Whether you're looking to book a last-minute Hamptons getaway for this summer, or are already planning for next summer, here’s how you should handle the search:
Where you should look: Some popular sites for Hamptons owners to list their places are VRBO and HomeAway. (There’s also always Airbnb, but it tends to be used more by younger homeowners and buyers.) Prices on these sites range from around $200 to a few thousand dollars a night, or between a few thousand dollars and nearly $20,000 for weekly rates, depending on location, size and available amenities.
Keep in mind: Rentals of two weeks or less are considered illegal in most Hamptons locales, and many owners need to get a permit for the set-up to be strictly on the up and up. Although these rules are hard to enforce and would probably only be problematic for the landlord, if you abide by them, neighbors will probably be less likely to call the cops on that loud party you’re throwing on Saturday night.
How to look: Planning to rent for a week? No need to schlep out to the Hamptons and physically look for a place. Just turn on your laptop. And if you can, try to find out if your prospective landlord is experienced at the summer rental game or if it’s his first time. Things will probably go more smoothly with a veteran landlord, so go with one if you can.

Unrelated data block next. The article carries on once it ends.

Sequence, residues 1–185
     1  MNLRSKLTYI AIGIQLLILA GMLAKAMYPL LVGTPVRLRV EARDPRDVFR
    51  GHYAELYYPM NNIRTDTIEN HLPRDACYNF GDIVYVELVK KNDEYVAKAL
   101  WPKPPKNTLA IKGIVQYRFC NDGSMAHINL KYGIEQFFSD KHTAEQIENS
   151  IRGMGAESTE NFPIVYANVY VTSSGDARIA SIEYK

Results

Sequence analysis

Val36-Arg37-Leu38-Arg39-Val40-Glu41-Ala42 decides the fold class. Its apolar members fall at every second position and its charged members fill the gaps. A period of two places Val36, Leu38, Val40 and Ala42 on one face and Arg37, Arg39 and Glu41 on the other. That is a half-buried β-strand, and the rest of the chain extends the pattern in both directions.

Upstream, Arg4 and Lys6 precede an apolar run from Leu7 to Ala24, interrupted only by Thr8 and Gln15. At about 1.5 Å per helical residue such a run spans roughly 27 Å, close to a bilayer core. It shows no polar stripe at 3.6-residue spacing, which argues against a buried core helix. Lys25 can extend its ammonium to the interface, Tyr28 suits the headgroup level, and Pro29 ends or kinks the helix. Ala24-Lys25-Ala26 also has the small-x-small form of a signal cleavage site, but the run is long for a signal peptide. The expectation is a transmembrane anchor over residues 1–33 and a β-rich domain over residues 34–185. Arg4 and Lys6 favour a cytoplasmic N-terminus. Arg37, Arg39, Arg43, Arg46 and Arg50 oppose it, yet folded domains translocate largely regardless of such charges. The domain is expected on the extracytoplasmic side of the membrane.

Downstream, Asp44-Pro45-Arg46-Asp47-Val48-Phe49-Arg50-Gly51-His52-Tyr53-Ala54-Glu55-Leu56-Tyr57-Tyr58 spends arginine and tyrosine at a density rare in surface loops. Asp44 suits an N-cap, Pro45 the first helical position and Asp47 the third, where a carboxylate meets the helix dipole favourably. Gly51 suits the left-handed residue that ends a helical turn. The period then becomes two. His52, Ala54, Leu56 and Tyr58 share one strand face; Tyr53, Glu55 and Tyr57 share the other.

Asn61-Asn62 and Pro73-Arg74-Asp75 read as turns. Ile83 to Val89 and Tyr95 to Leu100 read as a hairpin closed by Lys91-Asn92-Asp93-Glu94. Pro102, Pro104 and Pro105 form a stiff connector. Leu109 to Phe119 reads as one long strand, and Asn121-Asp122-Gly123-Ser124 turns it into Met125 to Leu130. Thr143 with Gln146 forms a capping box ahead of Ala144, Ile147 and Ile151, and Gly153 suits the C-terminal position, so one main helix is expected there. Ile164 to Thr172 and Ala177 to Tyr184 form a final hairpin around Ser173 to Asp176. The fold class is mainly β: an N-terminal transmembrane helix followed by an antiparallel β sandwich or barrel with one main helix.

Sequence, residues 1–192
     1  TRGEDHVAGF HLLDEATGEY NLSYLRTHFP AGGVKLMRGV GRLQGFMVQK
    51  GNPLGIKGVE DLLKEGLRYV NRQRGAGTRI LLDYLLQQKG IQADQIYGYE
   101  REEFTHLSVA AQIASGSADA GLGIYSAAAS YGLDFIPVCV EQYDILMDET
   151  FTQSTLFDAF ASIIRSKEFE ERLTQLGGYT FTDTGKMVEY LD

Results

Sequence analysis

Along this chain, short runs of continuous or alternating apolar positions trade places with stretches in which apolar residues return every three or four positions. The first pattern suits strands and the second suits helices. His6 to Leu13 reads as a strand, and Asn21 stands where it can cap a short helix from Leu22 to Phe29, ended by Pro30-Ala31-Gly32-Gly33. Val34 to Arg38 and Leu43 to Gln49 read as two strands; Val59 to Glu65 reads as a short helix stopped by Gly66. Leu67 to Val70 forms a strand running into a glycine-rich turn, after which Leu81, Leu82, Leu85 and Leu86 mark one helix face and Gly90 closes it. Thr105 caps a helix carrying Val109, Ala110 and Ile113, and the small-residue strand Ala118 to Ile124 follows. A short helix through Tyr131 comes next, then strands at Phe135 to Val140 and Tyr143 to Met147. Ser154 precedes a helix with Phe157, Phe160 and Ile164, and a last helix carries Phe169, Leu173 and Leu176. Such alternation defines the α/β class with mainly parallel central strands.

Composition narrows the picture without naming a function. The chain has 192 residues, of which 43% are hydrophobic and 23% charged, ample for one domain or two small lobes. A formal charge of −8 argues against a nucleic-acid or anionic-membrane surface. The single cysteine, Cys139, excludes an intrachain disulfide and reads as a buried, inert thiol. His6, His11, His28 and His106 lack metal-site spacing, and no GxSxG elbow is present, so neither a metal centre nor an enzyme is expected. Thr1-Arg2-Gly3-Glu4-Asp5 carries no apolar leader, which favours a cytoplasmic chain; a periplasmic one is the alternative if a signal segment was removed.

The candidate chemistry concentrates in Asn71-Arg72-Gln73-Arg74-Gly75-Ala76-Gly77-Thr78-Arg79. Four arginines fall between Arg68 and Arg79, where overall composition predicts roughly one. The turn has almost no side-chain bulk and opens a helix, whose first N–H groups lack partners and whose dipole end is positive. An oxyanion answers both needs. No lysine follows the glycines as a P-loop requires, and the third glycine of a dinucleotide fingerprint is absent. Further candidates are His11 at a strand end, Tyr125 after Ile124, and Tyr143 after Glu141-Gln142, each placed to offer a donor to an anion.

Don’t forget the beach pass: If you’re planning on spending some of your time in the Hamptons at the beach — and you probably are — remember that most Hamptons area beaches require special parking passes, which cost $375 for the season, and usually sell out before the start of the summer. Day passes are an option, but they tend to run out by the morning, too. So if you’re planning to party every night and sleep late in the mornings, you might not be able to enjoy the sand and surf. Or you could always try biking to the beach instead.
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